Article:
Gwyneth Paltrow Wants To Put Bee Poison On Her Face: Your Snake Oil Bulletin!
Greetings, Pilgrims. We welcome you to the hallowed ground of this, the Snake Oil Bulletin. You've come just in time for the Cleansing of Impurities. Get on your knees, strap that basket to your head, and prepare yourself for ... THE BEES.
Gwyneth Paltrow never saw the Wicker Man, lets bees sting her face now apparently
You know what we haven't had in a few
weeks seconds? A rousing session of Two Minutes Hate! Today's subject is that indefatigable font of nonsense Gwyneth Paltrow. In a sponsored blog post interview with the New York Times, Paltrow laid out the secrets of her eternal youth and beauty. Not once did she mention genetics and only once did she mention her multi-person professional makeup team. What an everywoman.
In the course of discussing her well-publicized love of alternative treatments like vaginal steaming, Paltrow let slip this bombshell that has the internet flapping its tut-tutting lips:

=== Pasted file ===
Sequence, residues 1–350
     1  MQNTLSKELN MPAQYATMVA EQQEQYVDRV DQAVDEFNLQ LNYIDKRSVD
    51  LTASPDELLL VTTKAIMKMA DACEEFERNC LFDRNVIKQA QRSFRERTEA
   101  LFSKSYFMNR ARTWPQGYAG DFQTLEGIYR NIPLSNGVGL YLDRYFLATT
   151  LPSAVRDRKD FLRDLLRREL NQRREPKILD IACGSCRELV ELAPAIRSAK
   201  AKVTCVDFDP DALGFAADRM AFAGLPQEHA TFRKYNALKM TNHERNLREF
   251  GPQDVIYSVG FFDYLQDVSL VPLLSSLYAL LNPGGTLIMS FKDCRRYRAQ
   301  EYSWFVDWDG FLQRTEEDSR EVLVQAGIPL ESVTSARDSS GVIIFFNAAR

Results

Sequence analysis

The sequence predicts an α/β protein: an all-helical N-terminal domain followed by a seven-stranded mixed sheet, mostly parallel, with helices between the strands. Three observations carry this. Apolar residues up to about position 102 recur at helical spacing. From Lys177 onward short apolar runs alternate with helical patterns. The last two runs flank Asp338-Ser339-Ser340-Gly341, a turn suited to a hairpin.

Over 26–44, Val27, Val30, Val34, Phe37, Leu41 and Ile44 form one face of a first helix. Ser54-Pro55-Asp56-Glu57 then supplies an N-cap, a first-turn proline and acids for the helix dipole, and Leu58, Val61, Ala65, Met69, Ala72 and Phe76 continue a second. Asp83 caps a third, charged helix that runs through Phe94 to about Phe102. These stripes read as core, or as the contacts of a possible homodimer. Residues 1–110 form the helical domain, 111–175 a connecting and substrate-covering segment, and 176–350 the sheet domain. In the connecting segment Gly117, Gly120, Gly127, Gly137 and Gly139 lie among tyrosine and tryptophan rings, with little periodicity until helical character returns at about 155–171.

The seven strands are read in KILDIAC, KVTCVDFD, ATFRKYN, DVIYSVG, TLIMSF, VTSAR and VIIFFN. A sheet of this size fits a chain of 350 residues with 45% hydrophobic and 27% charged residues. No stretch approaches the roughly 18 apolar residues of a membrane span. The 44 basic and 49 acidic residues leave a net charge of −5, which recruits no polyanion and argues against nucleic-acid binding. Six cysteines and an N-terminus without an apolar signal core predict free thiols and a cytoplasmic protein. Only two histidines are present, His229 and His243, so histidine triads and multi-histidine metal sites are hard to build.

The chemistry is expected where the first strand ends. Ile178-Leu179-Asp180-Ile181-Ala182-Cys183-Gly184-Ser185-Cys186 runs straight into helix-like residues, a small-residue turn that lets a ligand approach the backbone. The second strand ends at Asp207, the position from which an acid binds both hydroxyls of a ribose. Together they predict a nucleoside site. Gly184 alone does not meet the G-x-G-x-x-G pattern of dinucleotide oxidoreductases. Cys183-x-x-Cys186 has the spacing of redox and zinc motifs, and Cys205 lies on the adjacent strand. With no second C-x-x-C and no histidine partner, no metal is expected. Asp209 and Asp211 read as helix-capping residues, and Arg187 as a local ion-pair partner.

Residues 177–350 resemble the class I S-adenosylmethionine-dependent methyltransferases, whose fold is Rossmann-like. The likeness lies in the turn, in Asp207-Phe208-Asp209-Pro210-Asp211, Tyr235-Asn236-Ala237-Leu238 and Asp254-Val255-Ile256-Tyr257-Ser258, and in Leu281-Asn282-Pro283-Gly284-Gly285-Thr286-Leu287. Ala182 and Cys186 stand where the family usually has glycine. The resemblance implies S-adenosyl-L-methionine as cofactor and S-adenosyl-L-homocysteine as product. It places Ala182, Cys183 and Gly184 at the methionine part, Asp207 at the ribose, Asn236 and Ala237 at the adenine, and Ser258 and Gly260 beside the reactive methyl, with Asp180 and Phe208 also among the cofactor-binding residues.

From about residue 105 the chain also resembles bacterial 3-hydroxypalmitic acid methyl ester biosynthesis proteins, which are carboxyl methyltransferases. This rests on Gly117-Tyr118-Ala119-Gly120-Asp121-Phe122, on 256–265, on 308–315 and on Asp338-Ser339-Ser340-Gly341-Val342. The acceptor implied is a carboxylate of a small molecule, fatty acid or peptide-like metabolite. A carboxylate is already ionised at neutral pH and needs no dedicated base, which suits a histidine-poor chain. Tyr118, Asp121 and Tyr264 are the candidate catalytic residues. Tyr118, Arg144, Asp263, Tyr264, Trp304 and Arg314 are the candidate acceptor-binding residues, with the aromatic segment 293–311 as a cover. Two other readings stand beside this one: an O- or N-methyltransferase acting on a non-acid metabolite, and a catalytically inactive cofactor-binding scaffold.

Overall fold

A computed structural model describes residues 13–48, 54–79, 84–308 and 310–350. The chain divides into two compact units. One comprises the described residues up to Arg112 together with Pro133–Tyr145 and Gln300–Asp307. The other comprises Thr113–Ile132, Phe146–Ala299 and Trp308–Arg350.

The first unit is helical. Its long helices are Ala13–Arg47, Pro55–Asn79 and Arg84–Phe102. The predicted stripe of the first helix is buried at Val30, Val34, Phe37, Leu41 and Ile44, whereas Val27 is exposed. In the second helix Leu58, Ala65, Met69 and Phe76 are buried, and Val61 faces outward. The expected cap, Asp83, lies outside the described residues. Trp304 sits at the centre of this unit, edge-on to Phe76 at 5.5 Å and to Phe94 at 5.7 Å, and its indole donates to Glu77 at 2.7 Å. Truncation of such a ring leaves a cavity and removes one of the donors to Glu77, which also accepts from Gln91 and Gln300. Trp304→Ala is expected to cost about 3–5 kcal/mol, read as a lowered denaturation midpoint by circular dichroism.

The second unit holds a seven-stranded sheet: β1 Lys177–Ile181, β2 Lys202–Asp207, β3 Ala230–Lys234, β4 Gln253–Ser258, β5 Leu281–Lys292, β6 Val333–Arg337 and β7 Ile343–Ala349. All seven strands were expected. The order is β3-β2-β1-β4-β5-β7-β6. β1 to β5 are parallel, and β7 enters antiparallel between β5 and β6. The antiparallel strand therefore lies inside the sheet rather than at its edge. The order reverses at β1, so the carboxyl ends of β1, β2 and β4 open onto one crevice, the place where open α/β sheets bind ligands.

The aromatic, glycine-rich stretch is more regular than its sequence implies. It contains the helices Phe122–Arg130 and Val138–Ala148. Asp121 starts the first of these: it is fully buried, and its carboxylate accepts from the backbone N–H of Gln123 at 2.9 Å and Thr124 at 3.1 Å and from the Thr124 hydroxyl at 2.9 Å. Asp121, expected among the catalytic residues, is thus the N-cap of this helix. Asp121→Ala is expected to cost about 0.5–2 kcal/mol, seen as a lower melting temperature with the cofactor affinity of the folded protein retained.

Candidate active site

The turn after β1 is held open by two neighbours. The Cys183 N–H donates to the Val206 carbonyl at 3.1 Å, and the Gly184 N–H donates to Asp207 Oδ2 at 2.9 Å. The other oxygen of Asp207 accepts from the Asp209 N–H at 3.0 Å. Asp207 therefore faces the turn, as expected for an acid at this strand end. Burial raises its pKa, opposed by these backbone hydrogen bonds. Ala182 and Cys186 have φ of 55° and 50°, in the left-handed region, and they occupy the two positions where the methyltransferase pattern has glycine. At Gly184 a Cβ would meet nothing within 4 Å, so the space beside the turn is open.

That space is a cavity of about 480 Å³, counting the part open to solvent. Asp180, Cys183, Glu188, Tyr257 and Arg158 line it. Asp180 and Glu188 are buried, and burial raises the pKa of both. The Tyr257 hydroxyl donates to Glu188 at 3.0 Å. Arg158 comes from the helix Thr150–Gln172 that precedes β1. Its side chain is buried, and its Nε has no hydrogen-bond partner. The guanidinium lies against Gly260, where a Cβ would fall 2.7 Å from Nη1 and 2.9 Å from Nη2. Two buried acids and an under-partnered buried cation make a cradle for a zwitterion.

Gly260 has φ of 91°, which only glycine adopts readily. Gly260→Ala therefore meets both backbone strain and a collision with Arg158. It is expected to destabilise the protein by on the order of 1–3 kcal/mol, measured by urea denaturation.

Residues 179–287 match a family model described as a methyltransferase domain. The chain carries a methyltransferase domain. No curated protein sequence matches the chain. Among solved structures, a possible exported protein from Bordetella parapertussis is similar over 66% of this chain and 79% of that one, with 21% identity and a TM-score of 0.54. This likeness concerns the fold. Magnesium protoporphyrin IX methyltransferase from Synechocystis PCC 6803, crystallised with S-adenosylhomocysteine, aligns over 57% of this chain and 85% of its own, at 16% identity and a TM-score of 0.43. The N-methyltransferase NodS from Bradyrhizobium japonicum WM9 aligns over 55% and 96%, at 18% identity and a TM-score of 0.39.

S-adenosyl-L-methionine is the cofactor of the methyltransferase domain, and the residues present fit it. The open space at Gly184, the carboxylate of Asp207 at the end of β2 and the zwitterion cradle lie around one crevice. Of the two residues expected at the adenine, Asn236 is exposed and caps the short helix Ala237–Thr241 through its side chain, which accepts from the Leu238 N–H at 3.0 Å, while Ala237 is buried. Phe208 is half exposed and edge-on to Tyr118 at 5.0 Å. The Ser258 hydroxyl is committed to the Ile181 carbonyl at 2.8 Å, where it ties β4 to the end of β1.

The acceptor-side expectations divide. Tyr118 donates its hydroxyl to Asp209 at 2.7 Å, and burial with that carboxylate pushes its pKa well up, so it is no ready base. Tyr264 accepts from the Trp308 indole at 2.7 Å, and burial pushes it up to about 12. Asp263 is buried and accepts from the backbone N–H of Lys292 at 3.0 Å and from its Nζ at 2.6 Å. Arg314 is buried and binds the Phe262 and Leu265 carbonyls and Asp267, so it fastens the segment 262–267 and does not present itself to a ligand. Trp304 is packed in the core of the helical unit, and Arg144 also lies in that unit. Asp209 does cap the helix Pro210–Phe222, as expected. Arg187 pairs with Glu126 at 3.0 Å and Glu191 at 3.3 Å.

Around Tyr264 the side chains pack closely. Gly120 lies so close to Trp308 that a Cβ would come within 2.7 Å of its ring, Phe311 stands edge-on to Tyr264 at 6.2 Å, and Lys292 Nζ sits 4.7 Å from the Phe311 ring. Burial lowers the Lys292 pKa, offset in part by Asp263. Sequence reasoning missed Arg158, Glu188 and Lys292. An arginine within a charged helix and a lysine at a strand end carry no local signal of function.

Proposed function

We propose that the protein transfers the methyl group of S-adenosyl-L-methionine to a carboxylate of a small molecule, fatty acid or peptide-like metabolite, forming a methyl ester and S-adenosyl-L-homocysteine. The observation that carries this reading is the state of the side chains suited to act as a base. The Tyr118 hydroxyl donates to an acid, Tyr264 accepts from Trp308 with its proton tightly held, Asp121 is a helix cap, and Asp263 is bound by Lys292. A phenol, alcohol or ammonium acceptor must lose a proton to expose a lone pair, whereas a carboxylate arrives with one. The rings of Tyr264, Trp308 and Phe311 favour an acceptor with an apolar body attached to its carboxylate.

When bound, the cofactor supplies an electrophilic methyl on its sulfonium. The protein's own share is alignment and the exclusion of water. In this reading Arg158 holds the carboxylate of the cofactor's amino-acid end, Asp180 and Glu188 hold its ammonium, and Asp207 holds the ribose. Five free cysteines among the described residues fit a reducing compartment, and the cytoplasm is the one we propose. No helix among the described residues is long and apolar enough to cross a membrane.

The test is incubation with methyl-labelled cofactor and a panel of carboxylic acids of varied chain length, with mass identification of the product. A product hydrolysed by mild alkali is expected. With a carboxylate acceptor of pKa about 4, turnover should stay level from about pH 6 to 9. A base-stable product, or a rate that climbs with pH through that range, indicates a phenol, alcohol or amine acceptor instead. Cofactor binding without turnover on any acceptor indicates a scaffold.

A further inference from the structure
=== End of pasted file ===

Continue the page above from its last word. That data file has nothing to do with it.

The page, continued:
I’m always the guinea pig to try everything. I’ve got to try them all. I love acupuncture. Also, I just heard of a service called a sound bath, which might be too hippie-ish even for the likes of me. It’s some new healing modality. I might not be able to handle it.
But generally, I’m open to anything. I’ve been stung by bees. It’s a thousands of years old treatment called apitherapy. People use it to get rid of inflammation and scarring. It’s actually pretty incredible if you research it. But, man, it’s painful. I haven’t done cryotherapy yet, but I do want to try that.
Lead eyeliner and mercury foundation are thousand year old beauty secrets too, so kudos to Paltrow for reviving a classic.
Paltrow is speaking of apitherapy, an apparently real thing. Apitherapy is a branch of naturopathy (of course it is) in which non-extraterrestrial human beings inject bee venom into people's faces either through syringe or with actual live (well, soon dead) bees. The treatment claims to get rid of inflammation, kind of like injecting yourself with HPV to get rid of cervical cancer. It sounds like barrels of NOPE for someone like Yr Volpe who is allergic to bees and wasps, but we suppose it's probably pretty soothing if giant swollen pustules are your kink (no fetish shaming here!). The apitherapists themselves claim they also use products like honey and royal jelly, but edible bee vomit takes a backseat to their use of a lethal toxin to heal arthritis.